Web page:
71 Offers and Still No House? You’re Doing it Wrong

BEWARE: Mean Realtor-Lady Advice Ahead

If you’ve written 71 offers and still you have not succeeded in buying a house, you’re doing it wrong.

I know that seems harsh.

Let me help you with a few tips, the first of which is self-serving: Get A Realtor. There, I said it and it’s out there. Buyer’s agents are free to you; use their expertise to your advantage. If you have a good one, you may not need the rest of this article!

The second tip is this: There is no charity in real estate. I say this after spending years on the listing agent side of the table. Often, we receive low offers accompanied by a plea that states that the buyer has written scads of offers and so far has not prevailed and is now crossing all of her fingers and all of her toes hoping we will grant her this one little house, pretty please.

Even though the buyer is absolutely charming, we will not. Because we received 20+ offers, most of which are better than hers.

Because there is no charity in real estate, homeowners will not sell you a house at list price if someone else will pay them more than list price. Their very fierce allegiance will always be to the well-being of their own family and this is their family’s most valuable asset.

71 unsuccessful offers!! Do we have a poverty-stricken buyer? Maybe. More likely though, we have a buyer failing to launch correctly.

Writing an offer when you are new in the market is like your first attempt at double Dutch jump rope. Or, maybe attempting to turn onto an unfamiliar, high-speed road. You begin by gauging the speed of traffic, yes? Or, by watching the rise and fall of the rope as it twirls by. Simply hitting the gas or careening randomly into the game will result in getting smacked by the rope or ending up on the side of the road, wheels up. A buyer who continually crashes is one who is simply ignoring the market or trying to bend it to her will.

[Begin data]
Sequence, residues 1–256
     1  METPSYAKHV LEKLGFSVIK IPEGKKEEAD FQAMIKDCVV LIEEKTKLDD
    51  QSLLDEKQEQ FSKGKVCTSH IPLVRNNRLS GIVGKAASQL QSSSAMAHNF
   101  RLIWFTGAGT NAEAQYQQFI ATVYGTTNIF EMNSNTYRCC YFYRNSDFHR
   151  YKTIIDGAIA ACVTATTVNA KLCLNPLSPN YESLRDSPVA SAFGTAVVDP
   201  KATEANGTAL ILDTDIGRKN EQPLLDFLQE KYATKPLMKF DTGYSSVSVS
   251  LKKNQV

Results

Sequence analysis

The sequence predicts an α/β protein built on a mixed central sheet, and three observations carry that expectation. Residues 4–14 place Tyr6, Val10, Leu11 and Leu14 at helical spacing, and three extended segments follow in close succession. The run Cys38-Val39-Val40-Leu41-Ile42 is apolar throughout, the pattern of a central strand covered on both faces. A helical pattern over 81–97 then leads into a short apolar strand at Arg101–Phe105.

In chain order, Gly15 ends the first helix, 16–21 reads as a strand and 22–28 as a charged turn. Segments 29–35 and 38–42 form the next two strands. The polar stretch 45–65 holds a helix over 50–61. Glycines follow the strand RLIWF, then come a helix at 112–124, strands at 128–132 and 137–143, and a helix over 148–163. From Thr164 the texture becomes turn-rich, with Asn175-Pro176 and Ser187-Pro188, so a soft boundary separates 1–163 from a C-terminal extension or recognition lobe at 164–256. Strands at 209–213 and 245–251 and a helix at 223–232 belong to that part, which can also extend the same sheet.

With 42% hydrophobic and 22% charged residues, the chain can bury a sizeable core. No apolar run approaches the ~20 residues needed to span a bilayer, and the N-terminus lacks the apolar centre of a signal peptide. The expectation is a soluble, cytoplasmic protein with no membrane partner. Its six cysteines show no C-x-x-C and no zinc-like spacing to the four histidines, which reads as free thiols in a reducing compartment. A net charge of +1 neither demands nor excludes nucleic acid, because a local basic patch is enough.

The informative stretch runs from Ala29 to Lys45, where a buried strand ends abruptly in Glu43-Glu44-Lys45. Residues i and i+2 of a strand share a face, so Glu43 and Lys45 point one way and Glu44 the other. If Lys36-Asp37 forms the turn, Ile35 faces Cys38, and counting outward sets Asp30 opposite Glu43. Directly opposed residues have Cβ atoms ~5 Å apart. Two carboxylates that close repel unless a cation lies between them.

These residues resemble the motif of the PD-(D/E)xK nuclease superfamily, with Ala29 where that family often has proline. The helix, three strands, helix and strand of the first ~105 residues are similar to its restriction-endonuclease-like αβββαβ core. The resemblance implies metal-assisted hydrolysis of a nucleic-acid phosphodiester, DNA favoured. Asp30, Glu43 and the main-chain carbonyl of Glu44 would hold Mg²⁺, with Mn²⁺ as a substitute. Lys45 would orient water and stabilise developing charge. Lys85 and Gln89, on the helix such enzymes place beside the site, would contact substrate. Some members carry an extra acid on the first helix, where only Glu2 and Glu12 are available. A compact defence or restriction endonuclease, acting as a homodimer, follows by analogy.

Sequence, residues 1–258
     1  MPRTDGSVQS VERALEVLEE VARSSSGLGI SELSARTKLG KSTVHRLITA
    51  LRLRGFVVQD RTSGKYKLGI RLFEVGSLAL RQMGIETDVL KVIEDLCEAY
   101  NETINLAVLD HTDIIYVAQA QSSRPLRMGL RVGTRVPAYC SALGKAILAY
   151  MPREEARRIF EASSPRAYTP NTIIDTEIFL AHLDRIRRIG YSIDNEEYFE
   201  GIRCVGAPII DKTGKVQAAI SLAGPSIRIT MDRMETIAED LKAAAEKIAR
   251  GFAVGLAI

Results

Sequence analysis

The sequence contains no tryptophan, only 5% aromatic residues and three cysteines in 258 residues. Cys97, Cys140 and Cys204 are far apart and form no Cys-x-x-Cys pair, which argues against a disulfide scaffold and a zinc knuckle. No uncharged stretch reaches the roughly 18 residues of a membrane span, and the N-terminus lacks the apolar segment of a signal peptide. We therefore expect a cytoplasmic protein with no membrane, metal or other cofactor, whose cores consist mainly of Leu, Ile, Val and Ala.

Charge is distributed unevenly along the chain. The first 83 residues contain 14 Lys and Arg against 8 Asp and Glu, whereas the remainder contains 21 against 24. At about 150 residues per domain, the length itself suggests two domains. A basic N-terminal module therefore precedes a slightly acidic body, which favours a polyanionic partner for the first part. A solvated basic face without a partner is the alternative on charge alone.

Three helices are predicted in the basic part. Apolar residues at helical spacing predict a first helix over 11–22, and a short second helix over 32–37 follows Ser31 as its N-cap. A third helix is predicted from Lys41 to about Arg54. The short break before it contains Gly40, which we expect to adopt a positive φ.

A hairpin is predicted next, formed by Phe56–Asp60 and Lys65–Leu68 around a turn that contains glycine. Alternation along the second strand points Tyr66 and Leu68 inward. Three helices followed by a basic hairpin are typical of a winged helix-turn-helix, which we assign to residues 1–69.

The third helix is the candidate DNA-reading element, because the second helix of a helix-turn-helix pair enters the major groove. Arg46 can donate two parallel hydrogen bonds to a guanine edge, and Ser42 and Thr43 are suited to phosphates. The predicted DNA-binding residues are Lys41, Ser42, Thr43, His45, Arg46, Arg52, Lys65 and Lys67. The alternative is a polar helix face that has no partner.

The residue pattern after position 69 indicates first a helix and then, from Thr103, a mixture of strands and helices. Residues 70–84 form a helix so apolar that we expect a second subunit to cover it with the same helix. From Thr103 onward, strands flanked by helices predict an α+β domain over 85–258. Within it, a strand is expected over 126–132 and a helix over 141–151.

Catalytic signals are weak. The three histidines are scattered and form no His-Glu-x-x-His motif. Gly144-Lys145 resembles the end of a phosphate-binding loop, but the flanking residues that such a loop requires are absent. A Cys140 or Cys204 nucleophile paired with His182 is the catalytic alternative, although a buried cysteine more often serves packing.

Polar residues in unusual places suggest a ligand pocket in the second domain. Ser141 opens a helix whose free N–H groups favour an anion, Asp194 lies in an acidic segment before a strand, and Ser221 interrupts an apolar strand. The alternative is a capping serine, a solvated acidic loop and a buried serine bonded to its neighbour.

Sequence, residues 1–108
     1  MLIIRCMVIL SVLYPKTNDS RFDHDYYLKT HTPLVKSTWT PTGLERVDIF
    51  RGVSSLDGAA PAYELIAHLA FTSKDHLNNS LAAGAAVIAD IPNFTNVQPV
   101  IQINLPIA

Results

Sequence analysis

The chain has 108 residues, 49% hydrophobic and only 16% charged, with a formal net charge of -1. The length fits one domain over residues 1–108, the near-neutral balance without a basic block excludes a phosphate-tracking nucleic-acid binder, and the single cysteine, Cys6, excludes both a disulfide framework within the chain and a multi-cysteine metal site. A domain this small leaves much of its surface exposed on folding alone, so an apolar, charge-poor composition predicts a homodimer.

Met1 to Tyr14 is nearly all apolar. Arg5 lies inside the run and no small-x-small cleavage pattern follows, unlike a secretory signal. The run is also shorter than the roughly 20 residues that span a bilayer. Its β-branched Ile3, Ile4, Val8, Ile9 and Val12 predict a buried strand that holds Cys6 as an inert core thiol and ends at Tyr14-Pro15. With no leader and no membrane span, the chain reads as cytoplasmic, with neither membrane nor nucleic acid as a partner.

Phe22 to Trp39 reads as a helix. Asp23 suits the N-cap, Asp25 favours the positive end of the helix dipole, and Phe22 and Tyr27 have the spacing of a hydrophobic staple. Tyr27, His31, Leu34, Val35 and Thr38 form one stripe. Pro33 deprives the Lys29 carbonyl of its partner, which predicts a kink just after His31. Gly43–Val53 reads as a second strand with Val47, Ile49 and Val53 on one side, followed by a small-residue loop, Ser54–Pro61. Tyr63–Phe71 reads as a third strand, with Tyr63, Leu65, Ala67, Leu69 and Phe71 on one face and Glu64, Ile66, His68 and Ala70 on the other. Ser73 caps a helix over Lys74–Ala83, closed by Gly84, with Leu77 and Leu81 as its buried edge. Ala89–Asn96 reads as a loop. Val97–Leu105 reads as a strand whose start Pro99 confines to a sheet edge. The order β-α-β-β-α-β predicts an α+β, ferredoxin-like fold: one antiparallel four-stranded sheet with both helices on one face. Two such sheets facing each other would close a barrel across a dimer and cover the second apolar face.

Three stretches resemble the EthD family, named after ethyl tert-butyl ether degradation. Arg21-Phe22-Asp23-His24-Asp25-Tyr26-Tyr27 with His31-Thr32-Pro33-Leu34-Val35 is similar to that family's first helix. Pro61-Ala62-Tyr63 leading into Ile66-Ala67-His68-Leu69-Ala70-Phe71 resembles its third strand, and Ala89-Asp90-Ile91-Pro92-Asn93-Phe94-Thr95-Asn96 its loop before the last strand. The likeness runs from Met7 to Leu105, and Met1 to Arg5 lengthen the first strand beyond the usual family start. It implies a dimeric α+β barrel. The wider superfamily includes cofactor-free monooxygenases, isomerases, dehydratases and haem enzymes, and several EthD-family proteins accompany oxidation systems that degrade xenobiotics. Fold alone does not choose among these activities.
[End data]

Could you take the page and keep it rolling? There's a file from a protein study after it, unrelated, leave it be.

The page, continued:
Study. The. Market

It’s not enough to see what the list price is. In most cases currently, its practically irrelevant except as a starting place. What are the sold prices looking like? How many buyers might vie for this house versus one in a higher price range? When I go for my showing, are there people in cars wrapped around the block awaiting a chance to get in? Could this be an indication that the listing will probably garner offers $30k or more over list price. Is that still in my price range?

Do NOT Look at Houses at the Top of Your Financial Range

Sellers used to price their properties “a bit above” the offer they would hope to get, intending to give themselves some “bargaining room” — room to concede some dollars without sacrificing real value. Wasn’t even that long ago. Nowadays, buyers must give themselves room to negotiate UP, concede dollars. Look at houses priced $20,000 or more BELOW what your pre-approval letter says so you can be the one to write that really Great offer. If no houses ever appear at $20k below your top budget, something must change – either the location (move further out in your search), or the size/improvement level of the home. Instead of a detached three-bedroom-two-bath, try a townhome.

Know Thyself

If you cannot compromise on geography, condition/size/improvement level of the home, assume this is not the market for you. It does not make sense to write offer after offer, suffering constant rejection. If you can’t change what you are willing to live with, re-tool your finances. Get a second job, sell something to increase your down payment. Consider a roommate or two and use the rent-savings to pay your future closing costs. See if the first national bank of Mom and Dad – or your 401k – can help you.

Learn from Failure

If you didn’t get the house, find out why. Was it simply that you didn’t offer high enough? Or was it something else? Did you ask for help with closing costs when no one else did? Did you fail to offer rent-back to the seller in case he needs more time to move? Were you stingy in your earnest money? Did you ask to perform 67 environmental tests beginning with Asbestos and ending with Zinc?

Finally…Should you Give Up?

Several years ago, I had buyers who said prices had just gone insane and they would NEVER pay that kind of money for a house. They decided to sit out the market for a year or two and then buy “when things cooled down.” It was 2015.

If they had bought a $350k house back then, it would now be worth $500,000.  Or more. They’d have a huge down payment as move-up buyers, which upon sale would have rewarded them with a great mortgage on the bigger home they always wanted. And, a seller seeing their offer would look at how solid their financing was and treat their offer with respect.

Put it this way: You have to pay for housing, one way or another. Better to be paying yourself than someone else.

Ante up and git er done. You will not regret it.

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